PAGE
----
Sea Shepherd Reveals a New Weapon in the War against Japan’s Whaling
ANIMAL RIGHTS - VEGETARIANISM, 26 Sep 2016
21 Sep 2016 – Anti-whaling activists Sea Shepherd have a brand new, $12 million custom-built ship they boast will for the first time match the speed and endurance of Japan’s whaling fleet.
And with Japan’s defiance of an international court ruling about to be in the spotlight at a global summit next month, the activists plan to sail the new vessel to Australia, before launching south in a bid to disrupt the summer whale hunt near Antarctica.
“Our biggest challenge in our campaigns in the past has been that the Japanese whaling vessels have rammed us with their superior size, and they have outrun us with their superior speed,” Sea Shepherd’s Peter Hammarstedt told Fairfax Media.
“So this is a vessel that they cannot catch.”
Christened Ocean Warrior, it is the first brand new ship Sea Shepherd has built, allowing the activist group to specify engine size and other features for its controversial high-seas protests.
All its other ships have been refitted older vessels, the Bob Barker once a Norwegian whaling ship, built in 1950, the Steve Urwin a former fisheries vessel operating from Scotland, built in 1975.
Ironically, for an environmental group that only serves vegan meals aboard, the design of Ocean Warrior is based on a popular supply ship for off-shore oil rigs.
Cargo space has been converted to fuel tanks to give the ship longer range.
Japan killed 333 minke whales last summer – the first hunt after a 2014 ruling in the International Court of Justice that declared the so-called “scientific whaling” to be illegal.
But Japan has since exempted itself from the court’s jurisdiction and drawn up new guidelines for whaling, effectively doubling the size of the hunting grounds in the Southern Ocean and the activist group was not able to track the whalers last summer.
The Japanese institute for whale research has also run a website to promote whale recipes.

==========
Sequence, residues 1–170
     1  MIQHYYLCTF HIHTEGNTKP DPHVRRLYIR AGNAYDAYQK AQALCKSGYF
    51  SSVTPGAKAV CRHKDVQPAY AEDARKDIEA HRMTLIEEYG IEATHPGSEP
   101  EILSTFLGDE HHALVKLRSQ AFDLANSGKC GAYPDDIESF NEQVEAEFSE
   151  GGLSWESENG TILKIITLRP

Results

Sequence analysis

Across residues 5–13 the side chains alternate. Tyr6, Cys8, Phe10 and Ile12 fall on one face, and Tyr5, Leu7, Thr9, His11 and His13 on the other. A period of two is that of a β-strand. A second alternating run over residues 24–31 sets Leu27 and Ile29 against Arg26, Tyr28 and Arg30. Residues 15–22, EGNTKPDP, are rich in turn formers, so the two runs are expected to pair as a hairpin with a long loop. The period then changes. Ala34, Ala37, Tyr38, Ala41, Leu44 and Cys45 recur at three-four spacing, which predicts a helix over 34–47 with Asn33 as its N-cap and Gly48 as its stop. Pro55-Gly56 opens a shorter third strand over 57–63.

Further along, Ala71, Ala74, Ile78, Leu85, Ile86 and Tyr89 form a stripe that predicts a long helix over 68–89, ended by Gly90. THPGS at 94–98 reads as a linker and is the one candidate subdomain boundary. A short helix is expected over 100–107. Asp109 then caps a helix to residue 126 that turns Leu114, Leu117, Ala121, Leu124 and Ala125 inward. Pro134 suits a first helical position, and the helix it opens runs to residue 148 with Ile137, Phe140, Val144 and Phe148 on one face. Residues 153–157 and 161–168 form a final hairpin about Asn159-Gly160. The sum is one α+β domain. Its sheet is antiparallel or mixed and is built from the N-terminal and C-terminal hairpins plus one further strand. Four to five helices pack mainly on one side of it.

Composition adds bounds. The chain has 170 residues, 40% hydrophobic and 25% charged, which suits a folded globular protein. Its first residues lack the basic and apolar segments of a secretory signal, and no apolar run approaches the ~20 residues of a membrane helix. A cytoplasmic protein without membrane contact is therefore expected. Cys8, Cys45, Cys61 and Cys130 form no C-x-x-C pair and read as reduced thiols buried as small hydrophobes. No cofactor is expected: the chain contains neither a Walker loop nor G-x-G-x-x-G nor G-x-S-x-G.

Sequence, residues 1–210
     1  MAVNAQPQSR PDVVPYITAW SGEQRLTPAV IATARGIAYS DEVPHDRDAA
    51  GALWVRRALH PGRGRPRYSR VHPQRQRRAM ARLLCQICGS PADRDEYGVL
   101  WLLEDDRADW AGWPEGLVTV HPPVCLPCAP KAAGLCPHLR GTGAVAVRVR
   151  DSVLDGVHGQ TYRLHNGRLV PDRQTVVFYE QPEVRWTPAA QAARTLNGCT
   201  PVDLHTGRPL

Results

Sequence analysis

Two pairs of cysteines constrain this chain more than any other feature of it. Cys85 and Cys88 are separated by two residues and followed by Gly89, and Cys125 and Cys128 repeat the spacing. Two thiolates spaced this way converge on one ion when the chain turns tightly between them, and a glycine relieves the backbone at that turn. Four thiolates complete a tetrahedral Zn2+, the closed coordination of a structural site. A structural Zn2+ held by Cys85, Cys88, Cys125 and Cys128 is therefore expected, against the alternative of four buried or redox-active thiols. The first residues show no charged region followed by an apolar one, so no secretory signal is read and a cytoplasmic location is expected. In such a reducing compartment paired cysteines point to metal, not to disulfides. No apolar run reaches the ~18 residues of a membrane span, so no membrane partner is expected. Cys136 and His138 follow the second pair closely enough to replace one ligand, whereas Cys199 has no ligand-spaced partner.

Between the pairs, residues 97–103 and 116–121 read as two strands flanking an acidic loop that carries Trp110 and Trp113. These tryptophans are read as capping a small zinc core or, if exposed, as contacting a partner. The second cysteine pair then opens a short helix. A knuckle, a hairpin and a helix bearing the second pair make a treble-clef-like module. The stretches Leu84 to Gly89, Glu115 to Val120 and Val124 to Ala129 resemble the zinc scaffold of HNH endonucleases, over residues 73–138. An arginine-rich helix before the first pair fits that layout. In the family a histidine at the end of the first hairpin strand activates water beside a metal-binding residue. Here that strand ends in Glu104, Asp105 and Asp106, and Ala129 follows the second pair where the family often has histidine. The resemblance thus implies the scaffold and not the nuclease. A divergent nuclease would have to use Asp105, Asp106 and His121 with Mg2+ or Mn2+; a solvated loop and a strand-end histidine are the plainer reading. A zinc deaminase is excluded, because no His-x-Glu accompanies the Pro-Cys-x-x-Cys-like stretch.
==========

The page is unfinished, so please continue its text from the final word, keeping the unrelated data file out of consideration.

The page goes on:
Australia joined with 95 countries earlier this month to condemn Japan’s resumption of whaling, and the issue is expected to dominate a meeting of the International Whaling Commission in Slovenia in October.
Sea Shepherd won’t yet disclose the top speed of Ocean Warrior but said it comfortably topped 30 knots in recent sea trials in the Mediterranean.
This speed, the group says, will allow it to catch Japan’s harpoon ships and it can land a helicopter on board, potentially extending its tracking options.
The ship was funded with a charity grant from proceeds of the Dutch postcode lottery, and Sea Shepherd’s aim is to show Japan killing whales – and disrupt the slaughter if they can.
“Accountability is important,” said Mr Hammarstedt.
“The way that we see it is that the international community has now had two years to ensure that Japan complies with the law. They haven’t done so.”
“Our position is that the international community has failed the whales, so that gives us no other option than to head down [to the Southern Ocean].”
The Ocean Warrior is presently on its maiden voyage to Amsterdam for a launch with Dutch lottery and will then sail to Australia in the next month to a port to be determined, either Fremantle, Melbourne or Hobart.
Daniel Flitton is senior correspondent for The Age covering foreign affairs and politics. He is a former intelligence analyst for the Australian government and was at one-time a university lecturer specialising in international relations.
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